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Lady Andrade predicts a Colombia win over USWNT, U.S. analysts take it personally

Colombia’s Lady Andrade loves a good bold prediction. (Elsa/Getty Images)

Like it or not, Lady Andrade has gotten under the skin of many in the American soccer world. And when it comes to the business of soccer, Alexi Lalas is taking it very personally.

Over the weekend, the former U.S. Men’s national team player and current broadcaster took a direct shot at Colombia’s Andrade, who will be part of the team that takes on the U.S. Women’s National team Monday night in Edmonton, after Andrade predicted a 2-1 victory against the Americans. It was a move considered bold in some circles, considering the pedigree of both programs.

Whatever the case may be, at least two analysts felt the need to address Andrade directly.

As seen in the clip above, Sunday, the Fox Sports panel responds to Andrade’s statements to USA Today, in which she said, “they belittle us. They think we’re a team they’re going to walk all over and it will be an easy game for them. We’re going to beat them since they like to talk so much.”

Heather Mitts, former U.S. Women’s National team player started the response.

“We last played Lady Andrade in the 2012 Olympics and she punched Abby Wambach in the face and was suspended for two games,” said Mitts, who actually played in that game. “You. Did. Not. Learn. Your. Lesson, Lady Andrade. The U.S. will show how they feel on the field.”

Lalas followed with another approach.

“I love the fact that Lady Andrade is embracing the irritant role. I love a good irritant as many who watch me know,” he said. “But this is all that they have right now. And yes, they’re going to rile up and they’re going to poke the United States. There’s a question as to whether she’s directing this toward the players of the U.S. team or the media that surrounds. And many of us up here have said that this is going to be an easy game. So I’ll say it again to Lady Andrade: It’s going to be an easy game. You are going to get beaten by the United States. And if that riles you up, fine. But it’s not going to change the fact that the U.S. got a gift in terms of playing this team.”

During the pregame of the China-Cameroon game, he doubled down on his comments. It’s hard to tell why Lalas feels so personally invested in this particular game. Maybe it’s because he was once on the other side of this coin, as a player in the 1994 World Cup, an American facing a Colombia team that had eyes on contending for the title. The infamous epilogue of that game aside, it was a turning point for both nation’s soccer programs, moving in opposite directions. That game was 21 years ago Monday.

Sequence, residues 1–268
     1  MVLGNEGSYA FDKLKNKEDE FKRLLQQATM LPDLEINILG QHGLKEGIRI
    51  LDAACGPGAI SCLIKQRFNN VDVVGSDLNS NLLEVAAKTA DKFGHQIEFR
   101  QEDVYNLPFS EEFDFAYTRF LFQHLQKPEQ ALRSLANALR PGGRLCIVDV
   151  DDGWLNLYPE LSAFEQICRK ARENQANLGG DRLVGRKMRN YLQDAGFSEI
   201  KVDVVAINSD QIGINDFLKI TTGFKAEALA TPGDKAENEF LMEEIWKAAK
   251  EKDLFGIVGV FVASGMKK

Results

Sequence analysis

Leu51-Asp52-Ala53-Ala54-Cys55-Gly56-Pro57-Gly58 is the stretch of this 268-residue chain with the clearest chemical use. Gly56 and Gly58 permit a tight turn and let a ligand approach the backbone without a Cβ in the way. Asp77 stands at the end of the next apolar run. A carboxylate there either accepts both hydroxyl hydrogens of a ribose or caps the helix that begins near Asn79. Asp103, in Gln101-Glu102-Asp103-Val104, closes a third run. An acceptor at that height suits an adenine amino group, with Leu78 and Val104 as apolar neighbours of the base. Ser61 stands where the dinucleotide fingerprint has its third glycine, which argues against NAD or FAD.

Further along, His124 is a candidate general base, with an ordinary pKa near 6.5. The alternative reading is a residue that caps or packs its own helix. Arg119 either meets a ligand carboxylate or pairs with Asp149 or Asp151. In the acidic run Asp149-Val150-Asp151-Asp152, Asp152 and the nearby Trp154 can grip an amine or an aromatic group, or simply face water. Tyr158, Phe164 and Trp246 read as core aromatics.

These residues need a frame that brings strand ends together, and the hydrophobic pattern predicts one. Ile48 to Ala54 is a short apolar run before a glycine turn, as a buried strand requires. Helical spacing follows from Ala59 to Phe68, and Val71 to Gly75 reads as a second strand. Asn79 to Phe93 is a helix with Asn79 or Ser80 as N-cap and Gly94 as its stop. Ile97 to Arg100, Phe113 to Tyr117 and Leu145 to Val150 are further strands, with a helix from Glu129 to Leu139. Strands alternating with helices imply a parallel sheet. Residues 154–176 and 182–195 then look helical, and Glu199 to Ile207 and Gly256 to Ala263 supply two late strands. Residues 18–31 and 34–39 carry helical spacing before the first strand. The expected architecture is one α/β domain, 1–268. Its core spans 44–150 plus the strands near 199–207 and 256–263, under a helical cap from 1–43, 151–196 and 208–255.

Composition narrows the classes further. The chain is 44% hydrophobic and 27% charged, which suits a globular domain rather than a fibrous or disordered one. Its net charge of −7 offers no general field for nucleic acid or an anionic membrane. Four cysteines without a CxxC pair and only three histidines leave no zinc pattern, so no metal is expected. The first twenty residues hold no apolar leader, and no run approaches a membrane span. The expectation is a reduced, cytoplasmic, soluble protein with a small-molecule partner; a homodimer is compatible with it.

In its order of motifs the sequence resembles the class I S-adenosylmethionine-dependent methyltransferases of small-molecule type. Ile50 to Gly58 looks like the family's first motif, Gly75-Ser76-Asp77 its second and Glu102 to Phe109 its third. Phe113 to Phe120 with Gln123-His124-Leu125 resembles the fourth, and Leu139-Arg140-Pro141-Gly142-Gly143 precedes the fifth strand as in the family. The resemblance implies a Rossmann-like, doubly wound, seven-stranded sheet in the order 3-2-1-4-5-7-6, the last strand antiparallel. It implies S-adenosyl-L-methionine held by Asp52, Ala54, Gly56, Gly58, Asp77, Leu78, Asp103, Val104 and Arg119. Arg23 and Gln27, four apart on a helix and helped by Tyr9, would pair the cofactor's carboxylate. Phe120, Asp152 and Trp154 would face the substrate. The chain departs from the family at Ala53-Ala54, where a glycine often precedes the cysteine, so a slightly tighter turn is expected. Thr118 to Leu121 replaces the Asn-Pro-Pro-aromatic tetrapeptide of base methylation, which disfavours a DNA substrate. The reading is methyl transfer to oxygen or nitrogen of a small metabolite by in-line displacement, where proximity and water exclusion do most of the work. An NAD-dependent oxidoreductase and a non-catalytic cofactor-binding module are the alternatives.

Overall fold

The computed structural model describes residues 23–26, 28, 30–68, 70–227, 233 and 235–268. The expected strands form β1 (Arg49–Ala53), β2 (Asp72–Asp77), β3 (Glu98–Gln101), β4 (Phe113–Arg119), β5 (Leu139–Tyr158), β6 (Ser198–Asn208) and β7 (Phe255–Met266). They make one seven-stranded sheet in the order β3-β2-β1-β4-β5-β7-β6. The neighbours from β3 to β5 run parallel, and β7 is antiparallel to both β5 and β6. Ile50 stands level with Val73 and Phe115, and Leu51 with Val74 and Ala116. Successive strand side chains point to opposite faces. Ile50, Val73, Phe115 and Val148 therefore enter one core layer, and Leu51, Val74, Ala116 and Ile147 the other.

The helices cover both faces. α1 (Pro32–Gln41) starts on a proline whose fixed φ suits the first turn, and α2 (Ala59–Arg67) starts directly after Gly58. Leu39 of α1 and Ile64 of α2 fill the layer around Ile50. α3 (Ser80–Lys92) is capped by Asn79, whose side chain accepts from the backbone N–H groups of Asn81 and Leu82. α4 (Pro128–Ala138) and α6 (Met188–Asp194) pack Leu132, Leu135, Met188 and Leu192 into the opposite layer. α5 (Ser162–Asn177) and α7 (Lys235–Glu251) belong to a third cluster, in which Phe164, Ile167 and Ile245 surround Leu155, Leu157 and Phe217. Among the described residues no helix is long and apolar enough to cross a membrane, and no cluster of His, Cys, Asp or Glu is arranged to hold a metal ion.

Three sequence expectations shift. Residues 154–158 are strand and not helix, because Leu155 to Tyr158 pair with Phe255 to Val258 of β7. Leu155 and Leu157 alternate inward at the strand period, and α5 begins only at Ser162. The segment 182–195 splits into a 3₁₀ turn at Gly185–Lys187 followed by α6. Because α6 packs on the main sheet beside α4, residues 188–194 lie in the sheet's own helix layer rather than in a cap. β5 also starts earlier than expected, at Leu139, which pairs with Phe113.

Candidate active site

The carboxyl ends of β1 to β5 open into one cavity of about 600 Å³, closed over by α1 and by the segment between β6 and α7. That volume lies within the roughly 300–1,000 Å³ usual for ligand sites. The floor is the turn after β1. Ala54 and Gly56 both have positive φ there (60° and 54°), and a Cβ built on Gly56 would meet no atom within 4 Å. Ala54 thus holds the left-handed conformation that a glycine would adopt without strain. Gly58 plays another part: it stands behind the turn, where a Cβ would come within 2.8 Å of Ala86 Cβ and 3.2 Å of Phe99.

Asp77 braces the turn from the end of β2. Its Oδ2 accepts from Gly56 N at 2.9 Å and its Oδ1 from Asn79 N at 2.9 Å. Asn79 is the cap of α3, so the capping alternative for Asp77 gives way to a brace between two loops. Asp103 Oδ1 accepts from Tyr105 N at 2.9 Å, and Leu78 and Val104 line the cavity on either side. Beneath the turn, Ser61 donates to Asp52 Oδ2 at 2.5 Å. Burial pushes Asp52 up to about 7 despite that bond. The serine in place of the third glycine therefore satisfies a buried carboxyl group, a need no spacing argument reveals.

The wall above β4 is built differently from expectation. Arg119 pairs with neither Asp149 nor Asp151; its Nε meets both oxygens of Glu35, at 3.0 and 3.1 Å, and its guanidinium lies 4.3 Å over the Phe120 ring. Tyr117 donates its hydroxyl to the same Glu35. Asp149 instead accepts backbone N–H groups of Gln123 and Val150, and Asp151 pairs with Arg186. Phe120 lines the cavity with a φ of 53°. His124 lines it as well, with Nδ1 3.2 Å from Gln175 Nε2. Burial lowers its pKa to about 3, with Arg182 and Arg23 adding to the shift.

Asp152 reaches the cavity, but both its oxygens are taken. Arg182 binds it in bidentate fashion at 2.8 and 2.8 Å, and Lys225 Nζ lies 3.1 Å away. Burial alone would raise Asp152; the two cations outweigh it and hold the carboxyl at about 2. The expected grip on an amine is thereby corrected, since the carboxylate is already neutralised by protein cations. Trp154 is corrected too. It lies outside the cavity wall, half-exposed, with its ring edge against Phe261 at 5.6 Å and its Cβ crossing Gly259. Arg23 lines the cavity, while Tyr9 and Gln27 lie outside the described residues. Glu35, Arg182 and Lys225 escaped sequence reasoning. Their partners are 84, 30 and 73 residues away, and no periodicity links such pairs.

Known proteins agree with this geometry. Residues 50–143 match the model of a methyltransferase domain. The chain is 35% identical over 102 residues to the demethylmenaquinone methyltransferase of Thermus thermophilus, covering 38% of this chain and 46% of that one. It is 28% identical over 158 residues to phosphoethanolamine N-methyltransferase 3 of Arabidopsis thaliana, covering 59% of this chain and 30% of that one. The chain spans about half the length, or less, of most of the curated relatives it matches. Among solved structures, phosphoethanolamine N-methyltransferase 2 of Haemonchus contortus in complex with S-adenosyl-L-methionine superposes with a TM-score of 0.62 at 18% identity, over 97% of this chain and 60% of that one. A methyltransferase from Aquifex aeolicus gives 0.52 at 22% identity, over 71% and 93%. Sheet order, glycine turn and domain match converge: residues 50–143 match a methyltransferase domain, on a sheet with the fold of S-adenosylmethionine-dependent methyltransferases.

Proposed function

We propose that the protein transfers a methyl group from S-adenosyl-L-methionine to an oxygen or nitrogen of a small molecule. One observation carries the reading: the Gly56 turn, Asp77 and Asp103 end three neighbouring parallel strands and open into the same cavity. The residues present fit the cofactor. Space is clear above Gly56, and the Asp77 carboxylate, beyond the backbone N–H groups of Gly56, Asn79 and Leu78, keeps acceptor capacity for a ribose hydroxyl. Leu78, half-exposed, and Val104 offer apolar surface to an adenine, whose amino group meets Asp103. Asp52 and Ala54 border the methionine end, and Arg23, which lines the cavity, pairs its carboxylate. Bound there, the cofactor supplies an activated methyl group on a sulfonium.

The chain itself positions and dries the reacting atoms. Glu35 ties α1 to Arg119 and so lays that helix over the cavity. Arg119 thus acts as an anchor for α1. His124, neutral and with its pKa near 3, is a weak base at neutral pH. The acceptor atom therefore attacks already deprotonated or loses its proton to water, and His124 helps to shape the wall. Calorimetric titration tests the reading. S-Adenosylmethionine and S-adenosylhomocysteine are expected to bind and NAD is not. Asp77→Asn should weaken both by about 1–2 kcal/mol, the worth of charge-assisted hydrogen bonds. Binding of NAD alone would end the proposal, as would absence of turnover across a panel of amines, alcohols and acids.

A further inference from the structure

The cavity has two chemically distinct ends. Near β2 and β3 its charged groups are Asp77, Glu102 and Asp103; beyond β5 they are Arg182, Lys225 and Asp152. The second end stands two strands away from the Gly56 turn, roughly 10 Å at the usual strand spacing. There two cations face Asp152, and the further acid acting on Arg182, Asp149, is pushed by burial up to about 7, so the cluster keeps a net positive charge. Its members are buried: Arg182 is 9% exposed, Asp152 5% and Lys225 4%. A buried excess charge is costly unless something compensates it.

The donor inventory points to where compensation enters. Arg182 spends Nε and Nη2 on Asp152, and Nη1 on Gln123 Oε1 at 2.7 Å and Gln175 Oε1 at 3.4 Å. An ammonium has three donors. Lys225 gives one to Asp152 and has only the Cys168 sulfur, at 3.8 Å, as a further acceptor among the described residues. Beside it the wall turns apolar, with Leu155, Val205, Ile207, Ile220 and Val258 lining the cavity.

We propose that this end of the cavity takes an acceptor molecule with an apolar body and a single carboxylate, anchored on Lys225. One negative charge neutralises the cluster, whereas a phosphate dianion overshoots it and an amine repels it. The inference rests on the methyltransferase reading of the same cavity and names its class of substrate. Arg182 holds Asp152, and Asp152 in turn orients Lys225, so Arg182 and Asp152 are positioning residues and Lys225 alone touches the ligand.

The amount of attention this run-of-the-mill trash-talk situation has received reveals just as much about where the U.S. Women’s national team is as a program as it does Colombia’s. The latter is a national team on the rise, who beat France in the group stages in a massive upset, after having not scored once in the last World Cup. The U.S., while still a favorite, hasn’t won a World Cup since 1999.

Of course, in a 24-hour news cycle, every sentence becomes a thing and every tweet is a storyline. But heading into a knockout round game, Colombia’s best player is also arguably the biggest story of this matchup. Players have kind of brushed it off, saying they’re not trying to start anything, just play soccer. Maybe that’s a good thing for the United States, but it certainly isn’t bad for Las Cafeteras.

But if you want to get an idea of what Andrade meant when she told USA Today “they belittle us,” in regards to the respect level between the two teams, just see head coach Jill Ellis’ reply. “You’ll probably have to ask Abby,” she said. “But I wouldn’t poke Abby.”

She didn’t poke Abby. She punched her.

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